otherwise have no objection to the publication of this document.
  5. Stephen Farrell: Comment [2012-01-29]:
    - "Formally" and "simple but reliable" in the abstract and intro
    seem to be marketing text.
    
    - I (still) don't like where it says you SHOULD do ACLs or
    something. (The text in the document uses "..." rather than "or
    something" but that's the meaning.)  Just delete the elipsis or
    actually give a non-ACL example of what one might sensibly do.
    
    - I agree with the comments about the expansion of MITM but,
    like everyone else probably, don't care that much.
    
  6. Pete Resnick: Comment [2012-01-28]:
    In 5.9:
    
       If error text is present, it SHOULD be a
       string in US-ASCII, for maximum portability; if non-US-ASCII
       characters are absolutely required, the error text MUST use UTF-8
       encoding.
    
    I'm trying to suss out what "maximum portability" means. Is UTF-8 known to screw
    up some implementations (in which case the SHOULD is justified), or is it just
    that you're being super-conservative, or worse, that you're afraid some non-
    English might end up in the error log? :-) Unless there's a real worry for
    interoperability here, just define the thing as UTF-8 (which means that US-ASCII
    still looks like US-ASCII) and be done with it.
    
    A reference to RFC 3629 might be extra friendly.
  7. Dan Romascanu: Comment [2012-01-30]:
    1. It would be useful for the readability of the document to have acronyms
    expanded at the first occurence (starting with RPKI)
    
    2. In Section 5.9:  
    
    > The diagnostic text is optional, if not present the Length of Error
       Text field SHOULD be zero. 
    
    Why is this a SHOULD? 
    
    3. Same: 
    
    > If error text is present, it SHOULD be a
       string in US-ASCII, for maximum portability; if non-US-ASCII
       characters are absolutely required, the error text MUST use UTF-8
       encoding.
    
    Pete already refered to this. RFC 2277 mandates implementing UTF-8, so what is
    the reason for recommending US-ASCII?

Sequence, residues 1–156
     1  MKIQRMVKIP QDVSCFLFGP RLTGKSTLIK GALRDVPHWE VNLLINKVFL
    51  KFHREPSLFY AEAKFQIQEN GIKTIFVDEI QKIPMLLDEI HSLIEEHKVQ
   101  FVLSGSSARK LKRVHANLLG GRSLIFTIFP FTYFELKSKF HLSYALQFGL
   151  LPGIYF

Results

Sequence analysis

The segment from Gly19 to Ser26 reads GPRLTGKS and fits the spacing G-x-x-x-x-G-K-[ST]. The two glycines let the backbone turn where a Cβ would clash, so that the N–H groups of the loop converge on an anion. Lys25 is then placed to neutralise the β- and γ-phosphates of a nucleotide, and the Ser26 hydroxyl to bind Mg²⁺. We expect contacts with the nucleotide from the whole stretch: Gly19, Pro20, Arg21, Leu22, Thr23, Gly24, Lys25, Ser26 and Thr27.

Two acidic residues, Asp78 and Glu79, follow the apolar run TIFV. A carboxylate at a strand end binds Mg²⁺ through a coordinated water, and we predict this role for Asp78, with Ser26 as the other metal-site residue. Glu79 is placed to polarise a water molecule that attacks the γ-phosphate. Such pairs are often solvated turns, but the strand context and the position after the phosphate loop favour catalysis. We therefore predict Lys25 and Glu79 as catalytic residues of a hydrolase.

8. Peter Saint-Andre: Discuss [2012-01-30]:
        There are two interrelated issues I'd like to chat about with respect to TLS
    transport.
    
    Section 7.2 states:
    
       If such certificates are used, the CN field [RFC5280]
       MUST be used to denote the router's identity.
    
    What is meant by "identity" here? Is there a specific identifier that ought to
    be included in the CN (e.g., IP address or FQDN)? The term "identity" is nearly
    void for vagueness.
    
    Then: "Clients SHOULD verify the cache's certificate". It would be good to
    specify more clearly what is meant by certificate verification (e.g., using the
    rules from RFC 2818 or RFC 6125). 
        
  9. Peter Saint-Andre: Comment [2012-01-30]:
    I second Pete's query about ASCII-only error text.
    
    The AppsDir review by Lisa Dusseault asks some questions that deserve a
    response:
    
    http://www.ietf.org/mail-archive/web/apps-discuss/current/msg04230.html
    
    Section 2 states:
    
       Serial Number:  A 32-bit monotonically increasing unsigned integer
          which wraps from 2^32-1 to 0.
    
    Do you mean "strictly increasing" instead of "monotonically increasing"?
    
    Section 10 states:
    
       This section contains a preliminary list of error codes.  The authors
       expect additions to this section during development of the initial
       implementations.
    
    A forward reference to the IANA considerations would be friendly here.
    
    IDnits reports:
    
      ** Obsolete normative reference: RFC 2385 (Obsoleted by RFC 5925)
    

draft-ietf-rmt-simple-auth-for-alc-norm

  1. Stewart Bryant: Comment [2012-01-31]:
    The terms ALC and NORM need to be expanded on first use.
  2. Ralph Droms: Comment [2012-01-16]:
    I've cleared my Discuss.
  3. Adrian Farrel: Comment [2011-11-03]:
    I support Pete Resnick's Discuss
    
    ---
    
    Section 1
    
    s/transfer reliably objects/reliably transfer objects/
    
    --
    
       More precisely this document details the EXT_AUTH==1 header extension
       defined in [RFC5651].
    
    Should read
    
       More precisely this document details the HET=1 (EXT_AUTH) header 
       extension defined in [RFC5651].
  4. Stephen Farrell: Comment [2011-12-09]:
    
        
  5. David Harrington: Discuss [2012-01-18]:
        This is a placeholder discuss. The authors need to take no action at this time.